To Change the World: The Irony, Tragedy, and Possibility of Christianity in the Late Modern World by James Davidson Hunter

To Change the World: The Irony, Tragedy, and Possibility of Christianity in the Late Modern World by James Davidson HunterSummary: The irony from the title is that Hunter believes that we cannot really change the world.

When I first started using Lendle, I did not realize that when you ask to borrow a kindle book, you are asking for that book right now. That ended up giving me a few books to borrow when I didn’t have time to read them. But in this case it gave me a copy of To Change the World nearly two years after I requested it. (If you are a patron on Lendle you can hold a place in line but then wait until you are read to read the book.)

So I ended up with To Change the World in the middle of my beach vacation. To Change The World is not what I was looking for. Most of the summer I have been reading only fiction, and fairly light fiction at that.

To Change the World is a serious book by sociologist James Davidson Hunter. He is the author probably most well known for his book 1991 book Culture Wars: The Struggle to Define America. To Change The World is three long essays about the nature of ‘World Changing’.

Books like this remind me that while I am fairly well read and fairly bright, I am not to the level of many in this world. So if you want a masterful review, I would suggest James K A Smith’s review at The Other Journal.

Instead I am going to give a few thoughts. The basic thesis of the first essay is that Christians want to change the world, but they often go about it in the wrong way. They may try to do it through political coercion (get the right people in office, changed the laws and make people act like Christians). They may do it through trying to change Christians (the prime example is worldview training as has been advocated by Charles Colson). Some even try to change culture as Andy Crouch advocates for in Culture Making.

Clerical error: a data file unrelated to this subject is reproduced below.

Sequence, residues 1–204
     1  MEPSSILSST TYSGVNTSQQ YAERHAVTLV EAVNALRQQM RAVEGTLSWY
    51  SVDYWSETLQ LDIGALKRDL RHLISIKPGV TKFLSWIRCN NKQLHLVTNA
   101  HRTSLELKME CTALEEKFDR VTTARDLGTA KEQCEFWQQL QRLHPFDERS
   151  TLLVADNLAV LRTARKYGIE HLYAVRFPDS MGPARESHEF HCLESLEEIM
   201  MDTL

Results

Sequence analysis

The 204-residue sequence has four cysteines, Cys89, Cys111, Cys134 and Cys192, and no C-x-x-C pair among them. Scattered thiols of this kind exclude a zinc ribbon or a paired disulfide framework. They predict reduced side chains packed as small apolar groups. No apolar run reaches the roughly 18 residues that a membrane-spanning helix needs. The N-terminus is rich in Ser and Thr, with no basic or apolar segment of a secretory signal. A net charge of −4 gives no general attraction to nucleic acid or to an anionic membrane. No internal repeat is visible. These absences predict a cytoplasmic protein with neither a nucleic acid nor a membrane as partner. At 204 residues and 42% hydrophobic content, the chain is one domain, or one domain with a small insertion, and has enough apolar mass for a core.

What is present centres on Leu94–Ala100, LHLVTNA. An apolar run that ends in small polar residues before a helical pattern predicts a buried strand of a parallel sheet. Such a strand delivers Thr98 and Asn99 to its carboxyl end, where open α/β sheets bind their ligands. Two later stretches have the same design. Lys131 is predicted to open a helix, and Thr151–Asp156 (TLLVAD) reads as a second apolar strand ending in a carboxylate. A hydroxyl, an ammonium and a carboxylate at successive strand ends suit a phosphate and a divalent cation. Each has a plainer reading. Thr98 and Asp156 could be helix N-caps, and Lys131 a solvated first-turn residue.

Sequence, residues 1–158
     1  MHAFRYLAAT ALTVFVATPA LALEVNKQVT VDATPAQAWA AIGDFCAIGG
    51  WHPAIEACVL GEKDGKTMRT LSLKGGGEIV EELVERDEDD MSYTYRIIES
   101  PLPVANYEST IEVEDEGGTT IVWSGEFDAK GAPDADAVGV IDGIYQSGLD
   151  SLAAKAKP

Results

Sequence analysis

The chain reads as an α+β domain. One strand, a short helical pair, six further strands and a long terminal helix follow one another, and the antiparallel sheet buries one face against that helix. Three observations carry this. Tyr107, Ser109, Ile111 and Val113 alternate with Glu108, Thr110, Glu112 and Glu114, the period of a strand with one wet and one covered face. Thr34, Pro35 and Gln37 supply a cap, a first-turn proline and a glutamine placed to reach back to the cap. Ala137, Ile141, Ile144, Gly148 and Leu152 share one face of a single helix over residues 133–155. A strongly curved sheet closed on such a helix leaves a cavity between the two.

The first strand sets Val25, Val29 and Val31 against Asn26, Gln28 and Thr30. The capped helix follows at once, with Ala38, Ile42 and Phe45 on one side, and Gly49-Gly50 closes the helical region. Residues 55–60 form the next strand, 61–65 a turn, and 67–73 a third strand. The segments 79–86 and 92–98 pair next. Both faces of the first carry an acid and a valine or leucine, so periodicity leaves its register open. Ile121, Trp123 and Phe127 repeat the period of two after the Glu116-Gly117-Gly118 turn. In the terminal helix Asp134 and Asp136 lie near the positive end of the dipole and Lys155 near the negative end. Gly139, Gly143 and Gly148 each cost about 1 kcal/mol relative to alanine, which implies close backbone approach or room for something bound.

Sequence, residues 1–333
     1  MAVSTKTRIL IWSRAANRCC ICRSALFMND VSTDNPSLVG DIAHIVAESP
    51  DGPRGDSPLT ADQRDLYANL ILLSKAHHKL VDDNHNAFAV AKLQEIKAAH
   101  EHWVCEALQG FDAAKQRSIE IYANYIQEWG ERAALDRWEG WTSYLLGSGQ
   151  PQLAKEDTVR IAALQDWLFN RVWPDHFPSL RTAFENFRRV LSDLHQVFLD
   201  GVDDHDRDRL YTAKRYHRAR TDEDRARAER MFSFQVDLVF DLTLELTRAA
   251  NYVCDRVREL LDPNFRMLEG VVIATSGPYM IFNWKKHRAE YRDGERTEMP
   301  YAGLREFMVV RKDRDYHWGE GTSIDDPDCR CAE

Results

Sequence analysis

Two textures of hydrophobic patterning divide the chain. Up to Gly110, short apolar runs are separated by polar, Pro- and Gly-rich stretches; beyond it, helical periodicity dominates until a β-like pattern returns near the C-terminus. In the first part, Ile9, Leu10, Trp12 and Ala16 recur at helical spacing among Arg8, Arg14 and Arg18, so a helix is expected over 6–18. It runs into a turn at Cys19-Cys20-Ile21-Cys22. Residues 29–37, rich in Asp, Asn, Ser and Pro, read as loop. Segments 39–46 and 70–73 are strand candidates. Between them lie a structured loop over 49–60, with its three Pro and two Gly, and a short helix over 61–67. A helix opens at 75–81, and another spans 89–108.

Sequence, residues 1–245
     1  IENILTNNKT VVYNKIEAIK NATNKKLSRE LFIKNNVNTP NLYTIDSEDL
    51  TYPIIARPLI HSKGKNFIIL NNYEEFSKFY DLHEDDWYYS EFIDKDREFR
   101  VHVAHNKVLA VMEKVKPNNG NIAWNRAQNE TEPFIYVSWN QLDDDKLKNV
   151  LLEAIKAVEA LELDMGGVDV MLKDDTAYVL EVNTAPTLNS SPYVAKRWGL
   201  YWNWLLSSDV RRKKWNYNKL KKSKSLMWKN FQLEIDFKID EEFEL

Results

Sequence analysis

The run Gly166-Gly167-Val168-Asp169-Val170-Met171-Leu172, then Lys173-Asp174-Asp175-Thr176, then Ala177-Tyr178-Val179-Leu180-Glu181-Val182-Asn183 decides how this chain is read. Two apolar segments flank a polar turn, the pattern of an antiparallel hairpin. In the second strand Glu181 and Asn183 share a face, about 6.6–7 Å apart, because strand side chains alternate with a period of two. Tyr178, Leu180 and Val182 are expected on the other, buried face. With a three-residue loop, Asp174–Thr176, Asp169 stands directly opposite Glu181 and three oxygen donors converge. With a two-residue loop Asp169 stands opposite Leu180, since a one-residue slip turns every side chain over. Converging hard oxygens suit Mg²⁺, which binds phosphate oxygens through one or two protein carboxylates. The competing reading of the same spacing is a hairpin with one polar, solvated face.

Hunter suggests that the real problem with all of these is that “world-changing’ advocates believe that we can actually do much more than what we can. I think this is the position that I keep coming to when I advocate for being mediocre or mundane. Not that we should do things poorly, but that we should just do things as we do them and be present in the world without attempting to change things all the time. Hunter terms this faithful presence.

The second essay then suggests Christians need to have a better understanding of power and institutions so that we do not become either assimilated into culture or unchanged by Christianity.

If there are benevolent consequences of our engagement with the world, in other words, it is precisely because it is not rooted in a desire to change the world for the better but rather because it is an expression of a desire to honor the creator of all goodness, beauty, and truth, a manifestation of our loving obedience to God, and a fulfillment of God’s comment to love our neighbor. (234, bold in original)

The third essay is look at the three main views of how Christianity and culture should interact. For the purposes of this book they are: “œdefensive against,” “œrelevance to,” and “œpurity from”. Very loosely these are fundamentalism, liberalism and neo-Anabaptist approaches to culture. Hunter believes all three have weaknesses and want to suggest a fourth, “faithful presence within”. I find this third essay the most intriguing and frustrating. I agree with Smith’s review that in many ways the group that Hunter beats up the most, the neo-Anabaptists, are actually the closest to his position. And I find myself being most sympathetic to many of those positions.

But even before reading this book if you had listed the four, I would have chosen Hunter’s suggestion. This is a theologically akin to Jeremiah 29‘s suggestion. In many ways it is hard for me to try and argue against that being the optimal choice.

This is a very important book for those that want to think seriously about the role of Christianity in the world. Some of the complaints I have read about the book is that Hunter is a better sociologist then theologian or historian. But I think that is unfair to what Hunter is doing here. Hunter is bringing the role of sociologist to look at how Christians interact with the world. That is the primary strength and importace of the book. Theologians and pastors speak about culture and power all the time without the skill of Hunter’s sociological background. So we need to hear the sociologist speak (and learn from him).

This is the not the final word on cultural interaction for Christians, but I think it is a very useful part of the discussion.

To Change the World: The Irony, Tragedy, and Possibility of Christianity in the Late Modern World by James Davidson Hunter Purchase Links: Hardcover, Kindle Edition

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